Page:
Despite this, I was told I shouldn’t have too much problem getting in. Well, you’d have thought so. But no, two invited delegates, who couldn’t make it, and from whom I tried to gain delegation, couldn’t help either. One had invited his brother instead. No problem.

“What about you, Iain Richardson?

“Yeah sure, will ping an email to Katrina Dunbar, Events Director with the Big Partnership”

‘Hi Katrina

Thanks, I’d like to pass my place on to Andrew Watson, please.

All the best


I have seen this very email, sent to Katrina by Iain Richardson, stating that he was more than willing to pass his invitation on to me.

Katrina responded:

‘Hi Andrew

The communication I had with Iain Richardson, from what I could recall, is that he was planning to send the invite on to other contacts but we are within our rights to restrict entry to those who are not representing business as I previously stated. I’m afraid that I am only stating the guidelines that I have been given in terms of entry to the Summit.’

Concluded with a rather curt ‘trust this settles the matter’. Our only hope, to be honest, is that our business people represent the thoughts and feelings of the general Aberdeen public as best they can, and I have no doubt they will.  However, it doesn’t present the full picture, does it?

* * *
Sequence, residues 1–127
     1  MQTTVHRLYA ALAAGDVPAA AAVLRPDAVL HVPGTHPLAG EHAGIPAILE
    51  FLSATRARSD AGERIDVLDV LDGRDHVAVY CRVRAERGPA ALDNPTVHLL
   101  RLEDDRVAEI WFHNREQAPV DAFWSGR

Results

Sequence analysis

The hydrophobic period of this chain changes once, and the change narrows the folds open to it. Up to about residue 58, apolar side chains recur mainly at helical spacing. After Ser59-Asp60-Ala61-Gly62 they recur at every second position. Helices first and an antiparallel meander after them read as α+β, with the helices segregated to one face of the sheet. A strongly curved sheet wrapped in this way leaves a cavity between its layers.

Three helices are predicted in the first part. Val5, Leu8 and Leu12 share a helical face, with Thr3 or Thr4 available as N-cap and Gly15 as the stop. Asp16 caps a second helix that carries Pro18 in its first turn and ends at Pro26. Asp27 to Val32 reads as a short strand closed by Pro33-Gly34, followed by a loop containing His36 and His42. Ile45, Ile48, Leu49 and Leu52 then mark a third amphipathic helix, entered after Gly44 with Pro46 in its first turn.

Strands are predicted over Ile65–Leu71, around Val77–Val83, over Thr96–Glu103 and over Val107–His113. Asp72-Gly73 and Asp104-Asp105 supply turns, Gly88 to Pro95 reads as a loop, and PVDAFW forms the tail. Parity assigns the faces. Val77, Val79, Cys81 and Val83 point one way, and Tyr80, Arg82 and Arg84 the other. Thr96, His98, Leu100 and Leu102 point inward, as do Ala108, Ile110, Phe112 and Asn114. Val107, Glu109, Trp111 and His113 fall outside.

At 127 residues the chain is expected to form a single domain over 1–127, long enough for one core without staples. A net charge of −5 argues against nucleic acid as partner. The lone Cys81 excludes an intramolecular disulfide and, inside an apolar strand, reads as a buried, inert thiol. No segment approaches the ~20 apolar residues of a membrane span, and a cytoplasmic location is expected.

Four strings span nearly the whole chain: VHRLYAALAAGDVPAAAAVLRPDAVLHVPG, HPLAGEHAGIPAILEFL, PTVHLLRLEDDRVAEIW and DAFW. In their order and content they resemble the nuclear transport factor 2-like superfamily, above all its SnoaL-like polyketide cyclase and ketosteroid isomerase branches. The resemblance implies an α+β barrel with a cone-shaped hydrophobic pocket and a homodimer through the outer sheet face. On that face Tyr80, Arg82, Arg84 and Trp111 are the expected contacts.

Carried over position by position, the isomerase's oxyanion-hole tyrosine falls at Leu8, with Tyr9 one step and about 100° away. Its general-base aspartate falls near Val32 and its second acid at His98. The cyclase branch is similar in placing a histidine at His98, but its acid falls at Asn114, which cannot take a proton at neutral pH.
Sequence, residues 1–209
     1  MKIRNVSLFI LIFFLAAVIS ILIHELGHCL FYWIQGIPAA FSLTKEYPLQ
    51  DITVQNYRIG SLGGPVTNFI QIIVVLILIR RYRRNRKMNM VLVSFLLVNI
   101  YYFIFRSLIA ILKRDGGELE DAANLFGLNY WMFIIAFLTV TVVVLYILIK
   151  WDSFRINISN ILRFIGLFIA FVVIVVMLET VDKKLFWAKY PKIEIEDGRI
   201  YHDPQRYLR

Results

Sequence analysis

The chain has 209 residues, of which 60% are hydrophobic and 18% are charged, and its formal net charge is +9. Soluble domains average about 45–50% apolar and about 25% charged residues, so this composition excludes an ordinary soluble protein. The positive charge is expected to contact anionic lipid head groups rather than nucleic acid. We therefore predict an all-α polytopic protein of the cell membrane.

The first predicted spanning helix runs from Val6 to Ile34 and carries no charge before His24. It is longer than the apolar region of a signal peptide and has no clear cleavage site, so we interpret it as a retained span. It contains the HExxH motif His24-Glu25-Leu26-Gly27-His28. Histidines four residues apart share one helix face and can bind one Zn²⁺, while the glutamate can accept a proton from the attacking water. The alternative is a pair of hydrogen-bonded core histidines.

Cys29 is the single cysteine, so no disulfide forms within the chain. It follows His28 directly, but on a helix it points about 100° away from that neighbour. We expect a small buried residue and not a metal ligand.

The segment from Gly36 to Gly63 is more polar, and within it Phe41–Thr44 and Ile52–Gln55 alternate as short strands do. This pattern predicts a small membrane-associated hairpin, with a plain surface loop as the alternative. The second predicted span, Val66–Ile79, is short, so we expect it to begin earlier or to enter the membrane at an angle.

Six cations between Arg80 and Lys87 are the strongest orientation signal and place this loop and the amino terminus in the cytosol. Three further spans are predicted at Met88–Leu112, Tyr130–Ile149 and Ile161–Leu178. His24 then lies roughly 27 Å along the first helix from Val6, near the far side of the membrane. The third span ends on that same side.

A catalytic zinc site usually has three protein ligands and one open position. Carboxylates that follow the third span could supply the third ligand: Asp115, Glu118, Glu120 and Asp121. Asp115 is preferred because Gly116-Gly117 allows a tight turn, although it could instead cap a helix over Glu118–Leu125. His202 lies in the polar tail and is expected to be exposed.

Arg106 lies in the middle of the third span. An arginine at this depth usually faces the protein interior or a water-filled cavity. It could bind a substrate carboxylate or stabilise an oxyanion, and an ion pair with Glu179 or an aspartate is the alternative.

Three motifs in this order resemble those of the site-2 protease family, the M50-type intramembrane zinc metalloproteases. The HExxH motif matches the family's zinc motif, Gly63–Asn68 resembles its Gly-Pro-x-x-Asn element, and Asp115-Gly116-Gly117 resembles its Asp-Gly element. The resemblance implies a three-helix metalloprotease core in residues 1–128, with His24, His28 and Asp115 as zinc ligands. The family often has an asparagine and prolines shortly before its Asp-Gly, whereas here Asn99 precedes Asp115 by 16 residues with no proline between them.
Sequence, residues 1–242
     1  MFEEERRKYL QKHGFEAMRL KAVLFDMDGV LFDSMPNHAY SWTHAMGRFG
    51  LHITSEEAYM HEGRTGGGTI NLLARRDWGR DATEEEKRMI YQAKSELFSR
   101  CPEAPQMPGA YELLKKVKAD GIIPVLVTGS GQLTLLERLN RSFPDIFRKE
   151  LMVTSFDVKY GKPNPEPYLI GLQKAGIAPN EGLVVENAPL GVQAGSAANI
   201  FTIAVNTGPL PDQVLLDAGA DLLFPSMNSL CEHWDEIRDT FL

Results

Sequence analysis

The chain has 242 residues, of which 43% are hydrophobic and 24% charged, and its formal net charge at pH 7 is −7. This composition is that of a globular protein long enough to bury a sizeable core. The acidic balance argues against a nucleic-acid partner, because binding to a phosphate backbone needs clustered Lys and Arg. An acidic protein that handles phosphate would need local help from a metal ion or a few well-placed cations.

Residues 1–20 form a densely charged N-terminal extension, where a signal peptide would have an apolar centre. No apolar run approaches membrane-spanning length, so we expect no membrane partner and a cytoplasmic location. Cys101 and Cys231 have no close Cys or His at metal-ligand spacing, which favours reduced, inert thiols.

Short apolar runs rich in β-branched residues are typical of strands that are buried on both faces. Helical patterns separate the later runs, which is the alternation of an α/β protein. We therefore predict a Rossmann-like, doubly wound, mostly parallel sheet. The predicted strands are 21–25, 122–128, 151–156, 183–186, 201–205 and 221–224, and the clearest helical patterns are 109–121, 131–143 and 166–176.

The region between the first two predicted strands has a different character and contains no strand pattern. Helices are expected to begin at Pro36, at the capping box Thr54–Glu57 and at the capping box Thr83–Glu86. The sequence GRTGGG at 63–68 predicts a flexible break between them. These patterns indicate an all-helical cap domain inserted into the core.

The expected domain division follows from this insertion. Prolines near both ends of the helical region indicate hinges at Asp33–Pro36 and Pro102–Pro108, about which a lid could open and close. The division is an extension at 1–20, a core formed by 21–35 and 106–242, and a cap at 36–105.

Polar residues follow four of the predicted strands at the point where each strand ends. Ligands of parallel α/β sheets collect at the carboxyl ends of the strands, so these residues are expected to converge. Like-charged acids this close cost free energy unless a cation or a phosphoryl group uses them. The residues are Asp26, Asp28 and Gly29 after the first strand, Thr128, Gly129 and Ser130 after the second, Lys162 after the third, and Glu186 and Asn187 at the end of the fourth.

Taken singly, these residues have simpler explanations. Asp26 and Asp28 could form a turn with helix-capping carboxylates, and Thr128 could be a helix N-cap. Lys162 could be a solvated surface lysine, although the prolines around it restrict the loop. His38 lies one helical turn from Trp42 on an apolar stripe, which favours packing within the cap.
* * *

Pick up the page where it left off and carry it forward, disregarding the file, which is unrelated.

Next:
Which brings another of Mr Contrary’s bugbears to the forefront

Why were the proposals for my beloved Aberdeen FC chucked out?  Pittodrie’s crumbling, or so I’ve been told. Cue angry responses, including from me. I can’t help but feel, rather flippantly, without our slice of Dubai rock in UTG, and without our modern stadium in Loirston, you know, getting with the times and all that, are we forever to be relegated to provincial town status?

Don’t get me wrong, part of me, a defiance rooted somewhere in Teuchterville, wants this always to be the case. I don’t claim to know all the answers, but I know this cannot go on forever, and it irks me somewhat that not more of a concerted effort is being made towards public consultation, rather than just a yap between businessmen and councillors.